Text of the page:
Fair Trade vs. Free Trade

So today I started wondering what’s up with fair trade vs. free trade. When I go to pick up more coffee at the grocery store I always try to buy the stuff that’s marked fair trade. But why?

Fair trade is “a global network of producers, traders, marketers, advocates and consumers focused on building equitable trading relationships between consumers and the world’s most economically disadvantaged artisans and farmers,” according to the Fair Trade Federation’s Annual Report. Fair trade organizations believe that, “fair trade practices alleviate poverty, enhance gender equity, improve working conditions, the environment, and distributive justice.” The World Fair Trade Organization also follows 10 Standards of Fair Trade. Sounds like a good thing, right? Because it is!

According to WFTO, fair trade has increased global awareness of social and environmental responsibilities. And now, “over a million small-scale producers and workers are organized in as many as 3,000 grassroots organizations… in over 50 countries in the South… products are sold in thousands of World-shops or Fair Trade shops, supermarkets and many other sales points in the North and … in the Southern hemisphere.”

So where can you get your hands on these socially and environmentally responsible goodies? Well surprisingly, most places. HEB carries fair trade coffees and teas, for instance. Ten Thousand Villages in Austin, TX (or online) has great home decor, jewelry, bags, and lots of other neat stuff like Relief Beads Darfur, that benefits children in the Sudan. I purchased one bracelet which = 2 months of schooling for a child. I also purchased a palewa stone candle-holder from Tara Projects, India. TARA or Trade Alternative Reform Action is a “fair trade program for community development in business.” They work in a 125 mile radius from Delhi and enable hundreds of artisans to sell their products internationally while providing the artisans with, “medical insurance, interest-free loans/advances, a savings program and skills training.”

Another great resource is World of Good, that sells eco-conscience and fair trade products online through E-Bay. Even companies like Nestle are turning a green leaf and making Kit Kats a fair trade product to the UK.

For more info on fair trade you can visit here.
Or to find out if your favorite ice cream, coffee, etc. is fair trade look here.

Now free trade is another story. So what is it?

In the simplest terms it is, “international trade free of government interference.” This includes reducing barriers to international trades like tariffs, in essence making it easier for all countries, More Developing and Least Developing Countries to trade on an even playing field.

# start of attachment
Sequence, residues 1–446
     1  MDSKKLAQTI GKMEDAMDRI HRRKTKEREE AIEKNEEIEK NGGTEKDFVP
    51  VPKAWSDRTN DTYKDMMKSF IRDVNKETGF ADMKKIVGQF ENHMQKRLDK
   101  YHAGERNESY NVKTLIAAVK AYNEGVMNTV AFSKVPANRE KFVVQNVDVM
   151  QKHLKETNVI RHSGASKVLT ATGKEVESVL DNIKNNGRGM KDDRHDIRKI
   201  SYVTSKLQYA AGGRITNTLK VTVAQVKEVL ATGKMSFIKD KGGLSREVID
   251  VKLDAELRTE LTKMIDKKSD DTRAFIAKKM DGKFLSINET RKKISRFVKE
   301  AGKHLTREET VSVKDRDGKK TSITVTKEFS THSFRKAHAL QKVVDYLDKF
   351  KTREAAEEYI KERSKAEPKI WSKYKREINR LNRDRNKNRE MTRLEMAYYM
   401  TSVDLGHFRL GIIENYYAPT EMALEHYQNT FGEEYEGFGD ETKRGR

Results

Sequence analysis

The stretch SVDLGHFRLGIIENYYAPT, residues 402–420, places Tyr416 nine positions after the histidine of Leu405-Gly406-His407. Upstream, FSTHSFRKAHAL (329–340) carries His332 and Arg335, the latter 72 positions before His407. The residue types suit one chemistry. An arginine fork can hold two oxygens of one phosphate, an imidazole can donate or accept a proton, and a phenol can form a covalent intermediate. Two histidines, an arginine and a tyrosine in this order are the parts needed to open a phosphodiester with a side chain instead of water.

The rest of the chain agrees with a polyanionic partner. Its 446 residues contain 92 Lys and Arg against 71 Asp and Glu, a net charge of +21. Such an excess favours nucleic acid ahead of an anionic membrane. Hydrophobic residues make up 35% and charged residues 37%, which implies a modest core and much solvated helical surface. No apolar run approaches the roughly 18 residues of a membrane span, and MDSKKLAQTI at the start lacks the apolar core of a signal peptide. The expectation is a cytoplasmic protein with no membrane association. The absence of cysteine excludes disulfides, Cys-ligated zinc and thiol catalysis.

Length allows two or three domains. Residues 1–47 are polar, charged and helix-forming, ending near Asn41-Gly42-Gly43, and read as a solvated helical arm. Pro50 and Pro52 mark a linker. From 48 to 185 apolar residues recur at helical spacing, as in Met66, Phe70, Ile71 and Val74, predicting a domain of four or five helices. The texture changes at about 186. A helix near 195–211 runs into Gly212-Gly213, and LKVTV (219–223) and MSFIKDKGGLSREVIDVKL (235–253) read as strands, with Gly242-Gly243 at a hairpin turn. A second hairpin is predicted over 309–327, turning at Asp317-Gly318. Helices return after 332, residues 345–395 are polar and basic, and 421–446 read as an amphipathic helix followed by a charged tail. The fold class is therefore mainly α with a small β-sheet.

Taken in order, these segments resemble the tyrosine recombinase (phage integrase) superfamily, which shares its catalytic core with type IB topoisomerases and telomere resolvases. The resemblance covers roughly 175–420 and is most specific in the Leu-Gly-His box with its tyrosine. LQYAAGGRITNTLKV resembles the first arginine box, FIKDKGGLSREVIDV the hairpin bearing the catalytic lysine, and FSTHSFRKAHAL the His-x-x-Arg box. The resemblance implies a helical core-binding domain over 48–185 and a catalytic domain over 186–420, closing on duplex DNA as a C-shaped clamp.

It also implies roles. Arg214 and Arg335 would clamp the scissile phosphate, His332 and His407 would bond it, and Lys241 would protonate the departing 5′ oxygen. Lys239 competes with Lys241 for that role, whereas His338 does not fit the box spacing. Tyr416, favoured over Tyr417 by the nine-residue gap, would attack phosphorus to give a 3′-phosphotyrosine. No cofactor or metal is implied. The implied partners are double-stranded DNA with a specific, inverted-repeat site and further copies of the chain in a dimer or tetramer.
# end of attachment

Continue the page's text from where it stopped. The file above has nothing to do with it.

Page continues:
Who created this form of economic policy? That would be the World Trade Organization (WTO) the, “primary international body to help promote free trade, by drawing up the rules of international trade.” (To understand the WTO better from their point of view.) In theory, the principles they claim to follow sound great but in reality things differ. For example, discrimination against different types of imports is prohibited. However, that means imports that could be potentially bad for a country’s health (like not being allowed to say no to genetically modified food) or for the environment (like trees felled from pristine rain forest) can not be discriminated against.

Our health and environment are not the only things effected by free trade, so are global economies. After the North American Free Trade Agreement (NAFTA), was signed in 1993 the U.S. experienced a large trade deficit with Canada and Mexico through 2002.

So whether or not free trade is fair from a global perspective really depends on who you ask. For example TTG Consultants is going to stand strong behind free trade because of their clientel, which include companies like Coca Cola. From my point of view, I don’t think it’s the most effective in terms of global prosperity due to the fact that free traders, “argue that in the long run markets will solve – that is, when permitted to come to equilibrium, both rich and poor nations will benefit. In this way, free traders hold that free trade is fair trade (MeryCorps).” I argue that free trade is not fair trade.

Free trade tends to mostly benefit large American corporations while exporting American jobs overseas where the cost of labor is cheap. Free trade promoters will argue that exporting jobs to lower wage countries is okay because their standard of living is lower which, in truth, only perpetuates and continues the vicious cycle most LDC’s are currently in. We fuel their poor economic cycle which keeps them at a lower standard of living. To learn more about what’s being done to prevent this inequality visit Global Exchange. They are a great resource for more details and ways to help.